(Removal of a Child's Appendix)
A pediatric appendectomy is a surgery to remove a child's appendix. The appendix is a small pouch that's attached to the large intestine on the lower right side of the abdomen.
The appendectomy may be done as an open surgery, which involves cutting into the abdomen and directly removing the organ. Or it may be done through one or several smaller incisions (cuts) using a camera and small instruments. This is called a laparoscopic surgery.
The function of the appendix is still not fully clear to medical experts, but it doesn’t appear to be an essential organ. What is known is that it produces proteins called immunoglobulins, which help fight infection in the body. Sometimes the appendix becomes blocked. Mucus trapped inside can allow bacteria to thrive. The resulting infection and inflammation is called appendicitis. This illness is especially common in children, teens, and young adults. A young person with this problem may need an appendectomy.
An appendix that is inflamed can burst if it is not removed. If this occurs, infection can spread throughout the abdomen and cause peritonitis, a potentially dangerous condition.
As with other surgeries, the possible risks of this procedure include:
Problems from the anesthesia that's used to put your child to sleep. These include breathing problems and reactions to the anesthesia drugs.
In addition, other possible risks include:
Leakage from the large intestine, where the appendix was removed
The need for a longer hospital stay and medicines such as antibiotics if the appendix has ruptured before the surgery
Injuries to nearby organs during the surgery
There may be other risks, depending on your child’s specific medical condition. Be sure to discuss any concerns with your child's doctor before the procedure.
This is usually an emergency surgery, so your child may not have a lot of time to prepare for it. The health care team will want to know when your child last ate. That's because having food in the stomach can cause problems when your child is under anesthesia. If the surgery is planned ahead of time, ask the doctor when your child should stop eating and drinking beforehand.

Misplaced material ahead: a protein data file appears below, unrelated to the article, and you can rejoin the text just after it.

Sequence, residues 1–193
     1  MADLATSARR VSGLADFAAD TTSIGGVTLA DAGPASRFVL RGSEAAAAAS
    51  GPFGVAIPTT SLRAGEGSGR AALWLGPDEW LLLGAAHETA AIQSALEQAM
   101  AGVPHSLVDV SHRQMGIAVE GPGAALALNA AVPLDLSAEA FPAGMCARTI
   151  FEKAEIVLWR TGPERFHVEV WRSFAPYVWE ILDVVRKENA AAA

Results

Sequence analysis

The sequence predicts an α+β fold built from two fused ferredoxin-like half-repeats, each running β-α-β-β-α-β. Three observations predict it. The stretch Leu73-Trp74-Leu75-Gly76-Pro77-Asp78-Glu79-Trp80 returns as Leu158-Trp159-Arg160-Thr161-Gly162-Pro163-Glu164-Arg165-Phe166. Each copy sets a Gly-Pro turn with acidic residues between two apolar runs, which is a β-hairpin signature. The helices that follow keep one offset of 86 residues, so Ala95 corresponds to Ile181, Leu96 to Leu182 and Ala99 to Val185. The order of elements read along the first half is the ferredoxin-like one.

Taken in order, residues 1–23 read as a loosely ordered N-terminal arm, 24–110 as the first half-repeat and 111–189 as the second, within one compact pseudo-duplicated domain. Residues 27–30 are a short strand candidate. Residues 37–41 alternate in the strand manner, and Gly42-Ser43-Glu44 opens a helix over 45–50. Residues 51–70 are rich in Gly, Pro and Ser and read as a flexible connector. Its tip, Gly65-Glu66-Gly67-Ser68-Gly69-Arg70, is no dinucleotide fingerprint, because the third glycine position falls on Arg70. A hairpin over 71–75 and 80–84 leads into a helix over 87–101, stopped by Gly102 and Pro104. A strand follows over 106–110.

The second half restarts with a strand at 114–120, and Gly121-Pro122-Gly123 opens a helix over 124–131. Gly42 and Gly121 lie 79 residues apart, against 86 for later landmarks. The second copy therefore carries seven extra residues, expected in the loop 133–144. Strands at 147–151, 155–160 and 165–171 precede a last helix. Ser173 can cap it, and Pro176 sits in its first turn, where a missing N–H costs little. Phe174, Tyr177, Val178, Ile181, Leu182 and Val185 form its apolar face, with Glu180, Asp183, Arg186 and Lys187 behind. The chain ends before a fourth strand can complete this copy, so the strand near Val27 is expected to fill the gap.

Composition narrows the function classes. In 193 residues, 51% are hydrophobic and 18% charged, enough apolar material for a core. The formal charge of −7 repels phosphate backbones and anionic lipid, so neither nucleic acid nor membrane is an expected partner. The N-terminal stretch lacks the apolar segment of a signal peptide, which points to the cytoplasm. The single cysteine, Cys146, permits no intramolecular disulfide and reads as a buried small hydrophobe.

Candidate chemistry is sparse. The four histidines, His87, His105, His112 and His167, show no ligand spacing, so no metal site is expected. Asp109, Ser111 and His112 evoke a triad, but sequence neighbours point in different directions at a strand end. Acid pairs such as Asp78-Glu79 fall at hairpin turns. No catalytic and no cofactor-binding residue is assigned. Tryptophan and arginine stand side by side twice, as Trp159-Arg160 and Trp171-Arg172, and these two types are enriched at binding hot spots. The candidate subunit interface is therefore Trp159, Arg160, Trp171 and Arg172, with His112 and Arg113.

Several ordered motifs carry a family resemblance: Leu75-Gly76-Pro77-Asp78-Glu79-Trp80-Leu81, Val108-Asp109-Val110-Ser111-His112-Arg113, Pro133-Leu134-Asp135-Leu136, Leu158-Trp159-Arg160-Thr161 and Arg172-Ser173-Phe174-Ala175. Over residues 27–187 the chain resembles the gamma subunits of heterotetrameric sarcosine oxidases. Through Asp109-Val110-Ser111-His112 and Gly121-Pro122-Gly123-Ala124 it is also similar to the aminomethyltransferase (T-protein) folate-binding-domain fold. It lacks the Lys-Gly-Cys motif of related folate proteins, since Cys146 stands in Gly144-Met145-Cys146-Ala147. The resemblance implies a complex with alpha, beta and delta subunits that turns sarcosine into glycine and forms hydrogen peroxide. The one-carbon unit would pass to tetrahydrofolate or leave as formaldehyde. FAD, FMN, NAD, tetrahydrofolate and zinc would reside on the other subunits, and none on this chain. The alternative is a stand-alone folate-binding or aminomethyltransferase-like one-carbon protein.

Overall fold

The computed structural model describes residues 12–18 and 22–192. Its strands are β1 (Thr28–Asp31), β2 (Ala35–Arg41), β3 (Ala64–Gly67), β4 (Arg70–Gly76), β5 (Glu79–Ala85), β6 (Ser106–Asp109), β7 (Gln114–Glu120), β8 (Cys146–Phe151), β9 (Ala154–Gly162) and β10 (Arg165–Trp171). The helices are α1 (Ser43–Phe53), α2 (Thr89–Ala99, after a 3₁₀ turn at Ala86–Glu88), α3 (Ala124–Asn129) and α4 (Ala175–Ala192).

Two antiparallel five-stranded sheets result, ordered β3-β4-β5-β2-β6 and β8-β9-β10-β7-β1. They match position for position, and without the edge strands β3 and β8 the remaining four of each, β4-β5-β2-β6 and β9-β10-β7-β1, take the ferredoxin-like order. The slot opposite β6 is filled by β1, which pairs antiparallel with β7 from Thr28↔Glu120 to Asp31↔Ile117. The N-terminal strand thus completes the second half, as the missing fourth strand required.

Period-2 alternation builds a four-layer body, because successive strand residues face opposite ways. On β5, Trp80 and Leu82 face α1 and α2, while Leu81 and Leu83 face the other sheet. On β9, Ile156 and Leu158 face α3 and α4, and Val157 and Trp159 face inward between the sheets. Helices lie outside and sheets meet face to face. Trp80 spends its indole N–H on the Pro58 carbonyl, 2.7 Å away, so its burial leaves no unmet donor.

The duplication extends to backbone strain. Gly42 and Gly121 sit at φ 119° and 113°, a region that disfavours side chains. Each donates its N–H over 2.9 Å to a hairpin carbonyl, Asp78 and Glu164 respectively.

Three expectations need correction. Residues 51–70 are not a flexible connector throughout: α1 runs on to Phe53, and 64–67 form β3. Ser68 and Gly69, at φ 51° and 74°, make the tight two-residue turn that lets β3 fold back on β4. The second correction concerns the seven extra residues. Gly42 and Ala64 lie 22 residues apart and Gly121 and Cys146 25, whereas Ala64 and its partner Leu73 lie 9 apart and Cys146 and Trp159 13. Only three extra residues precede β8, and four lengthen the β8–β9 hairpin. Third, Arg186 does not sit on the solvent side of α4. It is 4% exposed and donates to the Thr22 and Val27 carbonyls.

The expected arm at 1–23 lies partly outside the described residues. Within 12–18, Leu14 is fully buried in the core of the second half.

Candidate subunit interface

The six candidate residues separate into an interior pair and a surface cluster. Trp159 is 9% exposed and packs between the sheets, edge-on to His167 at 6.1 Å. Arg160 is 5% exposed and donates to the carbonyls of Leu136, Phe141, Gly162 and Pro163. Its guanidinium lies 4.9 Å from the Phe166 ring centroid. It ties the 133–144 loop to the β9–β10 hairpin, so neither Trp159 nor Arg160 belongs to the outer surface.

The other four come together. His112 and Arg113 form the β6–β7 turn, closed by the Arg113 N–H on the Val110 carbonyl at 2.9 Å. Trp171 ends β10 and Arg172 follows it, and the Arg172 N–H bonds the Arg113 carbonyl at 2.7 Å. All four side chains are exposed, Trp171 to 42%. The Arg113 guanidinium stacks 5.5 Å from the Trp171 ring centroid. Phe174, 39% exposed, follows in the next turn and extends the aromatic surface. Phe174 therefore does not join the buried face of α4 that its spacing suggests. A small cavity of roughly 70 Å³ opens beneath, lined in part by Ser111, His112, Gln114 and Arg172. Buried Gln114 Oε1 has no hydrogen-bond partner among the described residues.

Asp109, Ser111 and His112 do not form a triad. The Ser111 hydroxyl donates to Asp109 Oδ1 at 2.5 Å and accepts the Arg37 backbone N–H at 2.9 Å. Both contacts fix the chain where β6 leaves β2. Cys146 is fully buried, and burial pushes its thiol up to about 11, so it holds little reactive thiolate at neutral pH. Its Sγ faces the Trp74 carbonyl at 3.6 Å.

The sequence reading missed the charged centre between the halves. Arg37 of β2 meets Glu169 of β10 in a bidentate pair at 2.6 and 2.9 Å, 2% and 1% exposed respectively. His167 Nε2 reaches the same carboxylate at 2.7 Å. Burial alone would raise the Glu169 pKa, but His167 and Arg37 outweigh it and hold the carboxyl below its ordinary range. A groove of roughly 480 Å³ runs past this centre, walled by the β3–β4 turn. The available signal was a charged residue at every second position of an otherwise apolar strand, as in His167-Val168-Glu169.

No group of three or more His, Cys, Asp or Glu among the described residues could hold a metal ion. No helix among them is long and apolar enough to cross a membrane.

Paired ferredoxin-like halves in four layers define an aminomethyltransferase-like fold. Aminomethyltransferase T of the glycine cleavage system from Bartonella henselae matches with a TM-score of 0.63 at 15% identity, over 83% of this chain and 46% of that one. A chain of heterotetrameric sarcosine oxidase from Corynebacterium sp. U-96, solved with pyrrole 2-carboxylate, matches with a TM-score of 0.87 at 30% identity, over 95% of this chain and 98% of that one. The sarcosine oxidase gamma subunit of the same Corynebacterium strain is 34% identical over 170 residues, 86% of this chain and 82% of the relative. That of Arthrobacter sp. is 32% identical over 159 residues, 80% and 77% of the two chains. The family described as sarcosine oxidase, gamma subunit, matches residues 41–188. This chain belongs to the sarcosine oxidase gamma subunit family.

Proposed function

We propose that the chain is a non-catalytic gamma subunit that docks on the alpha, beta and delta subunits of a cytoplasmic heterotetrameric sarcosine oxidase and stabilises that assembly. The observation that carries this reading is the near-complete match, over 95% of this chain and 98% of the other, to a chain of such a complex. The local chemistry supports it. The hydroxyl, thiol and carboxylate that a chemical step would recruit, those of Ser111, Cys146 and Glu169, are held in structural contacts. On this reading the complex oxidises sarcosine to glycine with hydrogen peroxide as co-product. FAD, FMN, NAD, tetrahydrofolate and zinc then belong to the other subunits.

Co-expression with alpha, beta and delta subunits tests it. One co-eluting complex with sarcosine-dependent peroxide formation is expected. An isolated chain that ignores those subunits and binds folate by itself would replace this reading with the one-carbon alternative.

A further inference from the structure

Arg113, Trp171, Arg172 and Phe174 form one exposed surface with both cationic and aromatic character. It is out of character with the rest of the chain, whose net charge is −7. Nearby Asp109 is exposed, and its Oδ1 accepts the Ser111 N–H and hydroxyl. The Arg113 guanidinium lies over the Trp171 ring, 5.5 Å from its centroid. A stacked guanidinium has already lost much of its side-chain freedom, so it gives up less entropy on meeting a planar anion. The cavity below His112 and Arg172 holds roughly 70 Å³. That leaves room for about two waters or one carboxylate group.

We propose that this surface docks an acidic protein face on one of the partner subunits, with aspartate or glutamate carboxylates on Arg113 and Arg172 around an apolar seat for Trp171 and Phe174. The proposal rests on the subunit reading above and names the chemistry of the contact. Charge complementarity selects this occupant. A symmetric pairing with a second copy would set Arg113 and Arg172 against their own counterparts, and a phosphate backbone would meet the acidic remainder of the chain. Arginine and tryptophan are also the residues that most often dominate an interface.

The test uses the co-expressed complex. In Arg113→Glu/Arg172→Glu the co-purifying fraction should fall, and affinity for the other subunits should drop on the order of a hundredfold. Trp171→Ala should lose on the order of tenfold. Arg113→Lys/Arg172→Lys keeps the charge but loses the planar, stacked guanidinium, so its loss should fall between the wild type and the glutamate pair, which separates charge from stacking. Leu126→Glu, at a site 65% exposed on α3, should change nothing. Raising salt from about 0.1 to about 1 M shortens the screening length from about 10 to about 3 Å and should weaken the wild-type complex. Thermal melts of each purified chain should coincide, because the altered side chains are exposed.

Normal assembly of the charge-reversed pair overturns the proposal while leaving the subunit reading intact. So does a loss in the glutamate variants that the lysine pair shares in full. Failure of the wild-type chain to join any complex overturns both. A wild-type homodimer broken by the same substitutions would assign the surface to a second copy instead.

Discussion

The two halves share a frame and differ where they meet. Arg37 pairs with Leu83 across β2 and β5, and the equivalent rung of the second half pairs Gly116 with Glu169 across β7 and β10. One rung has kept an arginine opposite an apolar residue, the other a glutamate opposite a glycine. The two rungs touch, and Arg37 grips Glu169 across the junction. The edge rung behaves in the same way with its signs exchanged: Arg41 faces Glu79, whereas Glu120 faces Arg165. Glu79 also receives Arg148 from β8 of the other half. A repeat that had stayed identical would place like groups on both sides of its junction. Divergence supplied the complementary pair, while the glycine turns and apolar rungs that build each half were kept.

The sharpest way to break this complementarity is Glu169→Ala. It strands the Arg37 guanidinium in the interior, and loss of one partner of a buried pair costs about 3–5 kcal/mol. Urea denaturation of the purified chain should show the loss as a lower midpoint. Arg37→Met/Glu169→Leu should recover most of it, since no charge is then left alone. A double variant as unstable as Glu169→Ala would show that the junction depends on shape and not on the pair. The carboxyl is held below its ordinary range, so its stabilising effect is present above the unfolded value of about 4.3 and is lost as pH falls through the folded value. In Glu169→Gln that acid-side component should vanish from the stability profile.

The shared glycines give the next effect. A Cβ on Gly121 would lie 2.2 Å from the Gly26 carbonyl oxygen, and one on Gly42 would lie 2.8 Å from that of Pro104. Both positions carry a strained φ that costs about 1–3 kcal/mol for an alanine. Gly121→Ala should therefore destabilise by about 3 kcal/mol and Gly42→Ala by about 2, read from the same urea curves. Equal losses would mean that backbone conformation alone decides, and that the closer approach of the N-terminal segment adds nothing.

Before the procedure begins, the health care team may give your child an injection of medication to relax him or her. They will also put an intravenous (IV) needle into a vein to allow them to later give medicine to put your child to sleep.
During an open procedure, the surgeon will make a cut into the skin and the fat underneath. The cut will be one to two inches in length. Upon reaching the appendix, the surgeon will cut it loose and remove it. The surgeon will then close the opening in the intestine and the incision in the skin.
During a laparoscopic procedure, the surgeon will make one or several small cuts in the abdomen. A tiny camera will be placed inside through one cut so the surgeon can see the procedure on a video screen. Air will be put into the abdomen through a tube to allow the surgeon to see better. The surgeon will then remove the appendix using small instruments. When finished, the surgeon will stitch shut the opening in the intestine and any incisions in the skin. Laparoscopic surgery using one small cut is called single-incision laparoscopic surgery (SILS).
If your child's appendix has burst, a drainage tube may be left in the abdomen to drain away fluid.
On occasion, the surgeon may plan a laparoscopic surgery, but need to switch to an open surgery because it seems like a safer option.
After the surgery, your child will go to a recovery room before being transferred to a regular room. Your child will receive pain medicine through the IV, then later by mouth.
Your child will be encouraged to get up and move around later that day or the next day. After laparoscopic surgery, your child may feel cramps or shoulder pain from the air that was put into the abdomen. Children usually go home a day or two after the surgery. If the appendix ruptured before the surgery, your child may need to stay in the hospital for up to a week. In these cases, your child may need IV antibiotics for a week or more.
Children will usually need to avoid physical activities until the surgeon says it's OK during a follow-up visit. Follow the health care provider’s directions on bathing and taking care of the incision.
Contact your child's doctor if you notice symptoms including:
A fever higher than 101°F (38.3°C)
Redness or swelling around the incision
Green or yellow drainage from any incision
Pain that increases, rather than decreases, as hours or days pass